The vocabulary that is used to describe one’s own emotions is an indicator of the mental health and physics and from wellness overall, based on an analysis conducted by the University of Pittsburgh School of Medicine (United States).
The research, published in the scientific journal ‘Nature Communications” points out that a vocabulary full of negative emotions is correlated with more psychological distress and poorer physical health, while a vocabulary of positive emotions is correlated with better well-being and physical health.
“Our language seems to indicate our experience with emotional states with which we feel most comfortable“, Vera Vine, Doctor of Philosophy and from the Department of Psychiatry at the University of Pittsburgh.
Mental health predictor
“There seems to be a congruence between the number of different ways we can name a feeling and the frequency and probability that we experience it, “he adds.
“There seems to be a congruence between the number of different ways we can name a feeling and the frequency and likelihood that we experience it”
Vine and his team analyzed public blogs written by more than 35,000 individuals and essays from 1,567 college students who reported their moods periodically during the experiment.
In general, people who used a greater variety of negative emotion words tended to show linguistic markers associated with lower well-being, such as references to illness and being alone, and reported increased depression and neuroticism, as well as worse physical health.
In contrast, people who used a variety of positive emotion words tended to display linguistic markers of well-being, such as references to leisure activities, achievement, and being part of a group, and reported higher rates of extraversion, agreeableness, general health and lower rates of depression and neuroticism.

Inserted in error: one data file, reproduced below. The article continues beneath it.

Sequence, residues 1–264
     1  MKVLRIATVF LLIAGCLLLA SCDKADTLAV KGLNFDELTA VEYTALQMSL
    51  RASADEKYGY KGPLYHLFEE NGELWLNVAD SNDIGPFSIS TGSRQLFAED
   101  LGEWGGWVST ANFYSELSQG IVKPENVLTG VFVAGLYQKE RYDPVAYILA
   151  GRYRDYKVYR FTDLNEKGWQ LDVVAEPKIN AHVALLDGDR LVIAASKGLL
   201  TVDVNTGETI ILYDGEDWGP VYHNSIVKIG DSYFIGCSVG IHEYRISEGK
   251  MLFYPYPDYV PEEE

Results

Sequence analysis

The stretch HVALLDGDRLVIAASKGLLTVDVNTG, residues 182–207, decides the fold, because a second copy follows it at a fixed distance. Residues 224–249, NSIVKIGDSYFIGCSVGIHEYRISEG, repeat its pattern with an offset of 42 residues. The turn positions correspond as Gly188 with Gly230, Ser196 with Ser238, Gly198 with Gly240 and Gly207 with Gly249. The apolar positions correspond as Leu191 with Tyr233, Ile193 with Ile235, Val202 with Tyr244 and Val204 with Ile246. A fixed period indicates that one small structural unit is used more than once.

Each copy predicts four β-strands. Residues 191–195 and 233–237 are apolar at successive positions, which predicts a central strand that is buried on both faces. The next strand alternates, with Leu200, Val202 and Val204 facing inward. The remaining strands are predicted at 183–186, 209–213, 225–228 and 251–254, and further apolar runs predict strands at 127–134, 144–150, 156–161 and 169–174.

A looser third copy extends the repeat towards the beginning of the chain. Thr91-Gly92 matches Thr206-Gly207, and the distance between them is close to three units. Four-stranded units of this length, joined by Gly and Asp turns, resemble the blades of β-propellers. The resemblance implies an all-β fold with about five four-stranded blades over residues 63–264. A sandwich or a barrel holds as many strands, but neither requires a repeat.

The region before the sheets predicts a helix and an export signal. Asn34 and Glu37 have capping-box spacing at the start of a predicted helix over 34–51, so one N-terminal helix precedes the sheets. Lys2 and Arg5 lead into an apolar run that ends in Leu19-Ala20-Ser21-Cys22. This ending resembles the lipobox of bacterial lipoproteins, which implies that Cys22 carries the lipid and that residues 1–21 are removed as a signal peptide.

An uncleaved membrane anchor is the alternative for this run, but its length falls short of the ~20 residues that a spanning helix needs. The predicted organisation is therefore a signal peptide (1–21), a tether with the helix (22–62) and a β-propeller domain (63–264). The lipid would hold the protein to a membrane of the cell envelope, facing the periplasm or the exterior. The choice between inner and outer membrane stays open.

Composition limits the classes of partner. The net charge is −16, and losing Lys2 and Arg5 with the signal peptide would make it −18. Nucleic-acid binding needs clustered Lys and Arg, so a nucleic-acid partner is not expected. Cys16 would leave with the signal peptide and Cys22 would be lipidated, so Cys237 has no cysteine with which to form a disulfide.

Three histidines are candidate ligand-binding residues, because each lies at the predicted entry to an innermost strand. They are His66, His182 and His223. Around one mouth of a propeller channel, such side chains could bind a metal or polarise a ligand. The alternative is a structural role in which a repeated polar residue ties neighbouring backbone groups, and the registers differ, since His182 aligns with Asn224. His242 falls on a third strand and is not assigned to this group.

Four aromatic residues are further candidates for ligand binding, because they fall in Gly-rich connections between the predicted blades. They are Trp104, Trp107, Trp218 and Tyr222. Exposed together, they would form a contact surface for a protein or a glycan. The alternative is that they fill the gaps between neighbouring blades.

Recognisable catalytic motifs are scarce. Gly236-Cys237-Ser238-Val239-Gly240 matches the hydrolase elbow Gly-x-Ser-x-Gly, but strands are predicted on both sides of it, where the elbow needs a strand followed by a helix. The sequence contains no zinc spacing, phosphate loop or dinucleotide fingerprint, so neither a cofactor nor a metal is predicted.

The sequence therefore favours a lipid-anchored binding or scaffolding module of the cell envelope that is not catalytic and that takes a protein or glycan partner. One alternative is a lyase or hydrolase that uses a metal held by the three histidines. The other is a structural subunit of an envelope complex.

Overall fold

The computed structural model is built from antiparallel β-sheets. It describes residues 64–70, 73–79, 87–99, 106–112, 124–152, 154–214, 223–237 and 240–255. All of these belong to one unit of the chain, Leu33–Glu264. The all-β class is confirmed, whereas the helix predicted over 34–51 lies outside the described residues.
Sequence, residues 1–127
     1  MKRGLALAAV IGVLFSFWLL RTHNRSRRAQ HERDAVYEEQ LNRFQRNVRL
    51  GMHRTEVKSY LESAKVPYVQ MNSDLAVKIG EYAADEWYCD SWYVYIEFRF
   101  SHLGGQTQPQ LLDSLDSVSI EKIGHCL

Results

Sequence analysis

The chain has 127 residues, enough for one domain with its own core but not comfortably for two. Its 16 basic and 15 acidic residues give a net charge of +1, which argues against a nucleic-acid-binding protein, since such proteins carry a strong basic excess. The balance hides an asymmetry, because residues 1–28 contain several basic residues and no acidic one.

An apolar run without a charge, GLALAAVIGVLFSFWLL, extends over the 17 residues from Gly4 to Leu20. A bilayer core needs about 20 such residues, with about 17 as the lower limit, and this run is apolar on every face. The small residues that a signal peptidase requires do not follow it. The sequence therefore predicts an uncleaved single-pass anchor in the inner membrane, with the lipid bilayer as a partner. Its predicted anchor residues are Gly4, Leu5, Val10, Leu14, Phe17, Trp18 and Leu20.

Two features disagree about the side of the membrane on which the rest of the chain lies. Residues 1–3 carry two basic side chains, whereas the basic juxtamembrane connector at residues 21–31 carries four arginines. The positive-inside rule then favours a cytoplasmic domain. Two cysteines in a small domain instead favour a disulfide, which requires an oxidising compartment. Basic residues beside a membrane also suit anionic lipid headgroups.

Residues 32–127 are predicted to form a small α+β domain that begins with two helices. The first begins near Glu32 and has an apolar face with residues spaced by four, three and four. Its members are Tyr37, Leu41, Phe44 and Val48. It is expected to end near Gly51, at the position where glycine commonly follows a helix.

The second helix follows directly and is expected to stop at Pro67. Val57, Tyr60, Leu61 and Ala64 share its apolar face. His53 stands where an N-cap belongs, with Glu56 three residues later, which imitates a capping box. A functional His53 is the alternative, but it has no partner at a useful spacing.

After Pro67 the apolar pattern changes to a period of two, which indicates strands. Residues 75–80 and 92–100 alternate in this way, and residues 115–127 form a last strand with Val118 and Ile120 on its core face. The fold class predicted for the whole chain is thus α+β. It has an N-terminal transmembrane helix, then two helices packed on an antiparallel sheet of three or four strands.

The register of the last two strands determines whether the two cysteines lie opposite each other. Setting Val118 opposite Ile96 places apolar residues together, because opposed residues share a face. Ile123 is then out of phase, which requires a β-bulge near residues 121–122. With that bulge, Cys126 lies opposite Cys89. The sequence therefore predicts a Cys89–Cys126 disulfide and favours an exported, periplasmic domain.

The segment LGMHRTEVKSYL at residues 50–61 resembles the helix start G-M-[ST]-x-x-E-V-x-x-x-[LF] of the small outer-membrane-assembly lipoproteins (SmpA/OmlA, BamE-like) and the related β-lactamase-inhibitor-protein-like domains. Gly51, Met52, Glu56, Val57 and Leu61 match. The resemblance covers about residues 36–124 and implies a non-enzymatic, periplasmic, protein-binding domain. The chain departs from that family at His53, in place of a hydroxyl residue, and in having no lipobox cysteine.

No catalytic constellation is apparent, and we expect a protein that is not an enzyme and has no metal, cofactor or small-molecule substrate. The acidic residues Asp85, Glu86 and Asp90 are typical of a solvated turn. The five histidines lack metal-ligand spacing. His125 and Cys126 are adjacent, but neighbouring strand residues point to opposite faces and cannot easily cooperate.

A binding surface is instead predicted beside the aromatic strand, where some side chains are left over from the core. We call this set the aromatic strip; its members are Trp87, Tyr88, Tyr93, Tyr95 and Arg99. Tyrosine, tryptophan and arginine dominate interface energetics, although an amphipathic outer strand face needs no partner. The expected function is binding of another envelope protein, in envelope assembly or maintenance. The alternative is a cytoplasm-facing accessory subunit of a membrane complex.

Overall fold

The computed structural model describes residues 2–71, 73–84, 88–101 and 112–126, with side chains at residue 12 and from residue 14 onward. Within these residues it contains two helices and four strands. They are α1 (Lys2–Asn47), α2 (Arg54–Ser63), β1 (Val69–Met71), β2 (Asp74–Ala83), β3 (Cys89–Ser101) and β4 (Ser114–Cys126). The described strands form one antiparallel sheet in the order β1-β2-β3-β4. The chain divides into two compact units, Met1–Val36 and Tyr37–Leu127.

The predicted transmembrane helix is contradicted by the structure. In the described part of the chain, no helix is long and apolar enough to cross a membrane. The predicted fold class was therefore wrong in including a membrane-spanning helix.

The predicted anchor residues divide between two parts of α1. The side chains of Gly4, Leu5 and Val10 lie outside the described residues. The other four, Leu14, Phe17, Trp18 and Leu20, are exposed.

These findings suggest that an individual’s vocabulary can respond to emotional experiences, but it does not confirm whether emotional vocabularies were helpful or harmful in provoking emotional experiences.
You use the word more, the more you suffer it
Vine and his colleagues also found that students who they used more words for sadness they got sadder in the course of the experiment; the people who used the most words for him fear they cared more; and people who used more words for anger got more angry.
An individual’s vocabulary can respond to emotional experiences
“It is likely that people who have had more disturbing life experiences have developed richer vocabularies in negative emotions to describe the worlds that surround them, “he explains to Neuroscience News James W. Pennebaker, a professor of psychology at the University of Texas at Austin and also an author of the study.
“In everyday life, these same people can more easily label nuanced feelings as negative, which can ultimately affect their moods, “he concludes